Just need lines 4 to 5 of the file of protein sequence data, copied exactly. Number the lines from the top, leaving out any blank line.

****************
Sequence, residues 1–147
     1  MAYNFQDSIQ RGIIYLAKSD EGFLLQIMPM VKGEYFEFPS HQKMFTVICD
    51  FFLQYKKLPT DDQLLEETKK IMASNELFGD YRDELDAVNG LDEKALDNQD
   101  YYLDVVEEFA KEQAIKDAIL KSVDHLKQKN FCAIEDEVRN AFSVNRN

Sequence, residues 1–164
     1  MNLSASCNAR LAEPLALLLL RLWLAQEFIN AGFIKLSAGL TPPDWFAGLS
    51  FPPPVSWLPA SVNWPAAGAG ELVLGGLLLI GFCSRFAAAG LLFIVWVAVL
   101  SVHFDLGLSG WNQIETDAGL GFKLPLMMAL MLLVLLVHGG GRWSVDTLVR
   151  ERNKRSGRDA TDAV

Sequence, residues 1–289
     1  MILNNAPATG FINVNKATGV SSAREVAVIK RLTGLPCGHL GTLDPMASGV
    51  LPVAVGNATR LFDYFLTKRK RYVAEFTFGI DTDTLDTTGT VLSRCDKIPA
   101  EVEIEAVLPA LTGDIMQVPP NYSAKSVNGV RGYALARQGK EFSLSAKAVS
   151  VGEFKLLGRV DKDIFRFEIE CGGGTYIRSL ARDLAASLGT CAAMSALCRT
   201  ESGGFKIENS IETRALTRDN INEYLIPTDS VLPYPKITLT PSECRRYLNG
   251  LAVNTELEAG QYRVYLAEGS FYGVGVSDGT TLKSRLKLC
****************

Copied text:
   101  YYLDVVEEFA KEQAIKDAIL KSVDHLKQKN FCAIEDEVRN AFSVNRN

Sequence, residues 1–164